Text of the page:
The Annual Rite Of The Eostre Holiday
By James Donahue
The celebration this weekend is to the pagan
goddess of spring and fertility, Eostre. It was never meant for Jesus.
The Roman Catholic Church scooped up the
trappings of the pagan rites of spring the turned it into a celebration of the death, burial and resurrection of Jesus. In
essence the holiday marks the end of winter, the rising of Ra, the Sun, and the rebirth of the green and growing foods from
Labeled as the holiest holiday among Christians
and Jews, for different reasons, the celebration has become a complex mixture of bunnies, baby chicks, painted chicken eggs,
candies delivered in baskets filled with fake grass, and ladies wearing new spring hats. Some celebrate by going to church
at sunrise because this is the time Jesus was allegedly supposed to have risen from the dead.
Many of us wonder why Easter has become such
a hodge-podge of traditions ranging from mysterious visits by Easter rabbits that bring gifts and candy to Easter Parades
and the display of Lilies.
The crucifixion, burial and resurrection
of Jesus is part of the story, but this is part of an ancient pagan mythology that dates back to Semiramis, wife of Mesopotamian
ruler Nimrod who declared herself mother of the reborn god Marduke. That was the first Jesus story. After Marduke came the
Persian sun-god Mithra, the Egyptian solar god Horus, the Far Eastern god Buddha, and the Indian god Krishna. All of these
follows died, some of them by crucifixion, then rose from the dead after three days. They promised to return and take all
people who believed in them to heaven. Their life stories parallel the Bible story of Jesus.
It was the Roman emperor Constantine who
advanced the cause of Christianity after his conversion from the Mithraic cult. At the time he came to power, Rome ruled the
known world, from Britain to North Africa. He made Christianity the official religion throughout Europe. From there it spread
to the New World when the Europeans settled North America.
The Americans carried the celebration of
Easter to fantastically new levels than the folks in the old world ever did.
The mixing of rabbits, colored eggs, candy
and the other trappings of the holiday appear to have happened when the Christian holiday got mixed in with pagan rites of
spring, which, when you get right down to it, is what Easter is really all about.
For example, in the Western culture, Easter
falls on the first Sunday following the full moon on or after the spring equinox on March 21. Thus Easter can occur as early
as March 22 or as late as April 25. It may never fall on the real date that Jesus died. That he rose from the dead is a myth
that is yet to be proven. The Jewish Passover is associated with the mix, since the Bible story maintains the crucifixion
occurred during the time of this religious event as well.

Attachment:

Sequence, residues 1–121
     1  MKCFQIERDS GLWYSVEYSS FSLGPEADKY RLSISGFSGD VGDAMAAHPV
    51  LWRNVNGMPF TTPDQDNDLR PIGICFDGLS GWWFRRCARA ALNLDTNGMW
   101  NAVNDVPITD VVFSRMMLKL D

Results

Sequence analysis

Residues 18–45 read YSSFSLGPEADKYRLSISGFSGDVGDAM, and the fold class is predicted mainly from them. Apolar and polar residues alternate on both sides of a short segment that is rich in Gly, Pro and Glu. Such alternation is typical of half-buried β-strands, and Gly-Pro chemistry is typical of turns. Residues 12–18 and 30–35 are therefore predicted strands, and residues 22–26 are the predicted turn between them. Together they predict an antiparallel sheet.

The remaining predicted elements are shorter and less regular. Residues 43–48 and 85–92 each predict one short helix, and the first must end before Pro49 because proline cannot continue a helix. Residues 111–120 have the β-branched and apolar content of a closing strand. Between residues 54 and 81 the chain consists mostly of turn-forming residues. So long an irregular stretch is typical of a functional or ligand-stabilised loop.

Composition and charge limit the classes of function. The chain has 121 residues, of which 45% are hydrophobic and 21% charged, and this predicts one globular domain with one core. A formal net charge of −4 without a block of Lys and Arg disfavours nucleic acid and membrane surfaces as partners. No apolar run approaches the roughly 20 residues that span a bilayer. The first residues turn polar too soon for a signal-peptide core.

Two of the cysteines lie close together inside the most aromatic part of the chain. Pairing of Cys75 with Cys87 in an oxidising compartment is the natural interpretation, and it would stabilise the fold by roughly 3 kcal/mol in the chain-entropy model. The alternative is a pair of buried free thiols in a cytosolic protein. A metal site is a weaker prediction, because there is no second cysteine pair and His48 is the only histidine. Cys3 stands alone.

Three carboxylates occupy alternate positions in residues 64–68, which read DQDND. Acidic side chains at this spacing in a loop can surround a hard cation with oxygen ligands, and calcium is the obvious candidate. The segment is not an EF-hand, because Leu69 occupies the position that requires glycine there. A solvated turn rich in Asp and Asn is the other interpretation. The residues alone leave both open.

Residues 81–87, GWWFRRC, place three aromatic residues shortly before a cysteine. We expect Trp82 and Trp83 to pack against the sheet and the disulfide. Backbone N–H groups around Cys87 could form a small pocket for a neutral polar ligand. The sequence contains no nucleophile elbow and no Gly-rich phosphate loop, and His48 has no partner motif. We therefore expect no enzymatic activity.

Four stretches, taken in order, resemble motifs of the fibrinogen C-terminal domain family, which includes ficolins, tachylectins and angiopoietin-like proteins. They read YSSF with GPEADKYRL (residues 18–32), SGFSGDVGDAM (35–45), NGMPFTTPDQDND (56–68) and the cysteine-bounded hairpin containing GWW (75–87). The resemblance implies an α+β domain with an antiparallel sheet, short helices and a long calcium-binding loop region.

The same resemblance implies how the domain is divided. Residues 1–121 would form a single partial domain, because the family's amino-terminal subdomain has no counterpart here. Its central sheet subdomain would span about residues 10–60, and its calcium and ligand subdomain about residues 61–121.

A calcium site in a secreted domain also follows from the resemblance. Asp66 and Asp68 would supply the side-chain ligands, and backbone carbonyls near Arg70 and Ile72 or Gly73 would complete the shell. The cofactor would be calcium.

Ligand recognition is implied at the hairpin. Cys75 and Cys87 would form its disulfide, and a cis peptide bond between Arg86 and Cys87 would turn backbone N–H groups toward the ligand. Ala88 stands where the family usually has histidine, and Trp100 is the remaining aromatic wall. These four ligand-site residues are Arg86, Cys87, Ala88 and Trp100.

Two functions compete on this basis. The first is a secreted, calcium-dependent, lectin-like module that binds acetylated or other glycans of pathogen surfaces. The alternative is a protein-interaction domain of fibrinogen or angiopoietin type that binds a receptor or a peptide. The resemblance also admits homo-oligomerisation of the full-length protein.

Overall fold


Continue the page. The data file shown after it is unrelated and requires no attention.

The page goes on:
The spring celebrations once honored the
pagan goddess Eostre, also known as Ishtar and Oestre. She was the goddess of spring and fertility. Thus the decorating of
eggs, showing of blooming flowers and newborn animals like baby chickens all are symbols of newness and rebirth. The rabbit,
known for its ability to reproduce its numbers quickly, also became a symbol for the fertility of the season.
It is all about sex and the planting of crops
for a new season. Notice too, that the very name of the goddess Eostre, Ishtar or Oestre is updated to the word Easter. The
celebration, if you want to participate, is to her, not to Jesus. It has been so for thousands of years.
There is a story about how the Easter Bunny
came into being. It seems The Goddess Eostre took pity on a wounded bird that could no longer fly and transformed it into
a white hare, then blessed it with the ability to lay eggs in many colors, but only on one day of each year. When the hare
later offended Eostre, she banished it to the stars as the constellation Lepus. The hare was only permitted to return to earth
on Eostre’s feast day each year and give its special eggs as gifts to the children.
The Easter basket had it origins in Germany,
where children traditionally placed their hats in secret places on the night before Easter. If they were good, they were told
the “Oschter Haws” would leave colored eggs and treats in their hats. When the German immigrants came to America,
the hats and bonnets evolved into baskets.
There is another story that the coloring
of eggs is a tradition that dates back to about the Thirteenth Century. It is said that eggs were a forbidden food for Catholics
during the Lenten season, so people painted and decorated them to mark the end of the period of penance and fasting. They
were eaten on Easter as part of the celebration.
Easter egg hunts and egg rolling are contemporary
and very American traditions. The first White House egg roll was started by President Rutherford B. Hayes in 1878. Some people
think of egg rolling as symbolic of rolling the stone away from the tomb of Jesus.
Easter candy mostly includes egg-shaped chocolates,
rabbit shaped chocolates, and jelly beans, which look like small eggs. Sam Born invented the concept of the marshmallow Peep
in the 1950s and that is now included among the traditional Easter candies.
New Yorkers have held a traditional Easter
Parade since the mid-1800s. This event was made popular by the 1948 film Easter Parade starring Fred Astaire and Judy Garland,
with music by Irving Berlin. Now other cities across America also hold Easter Parades.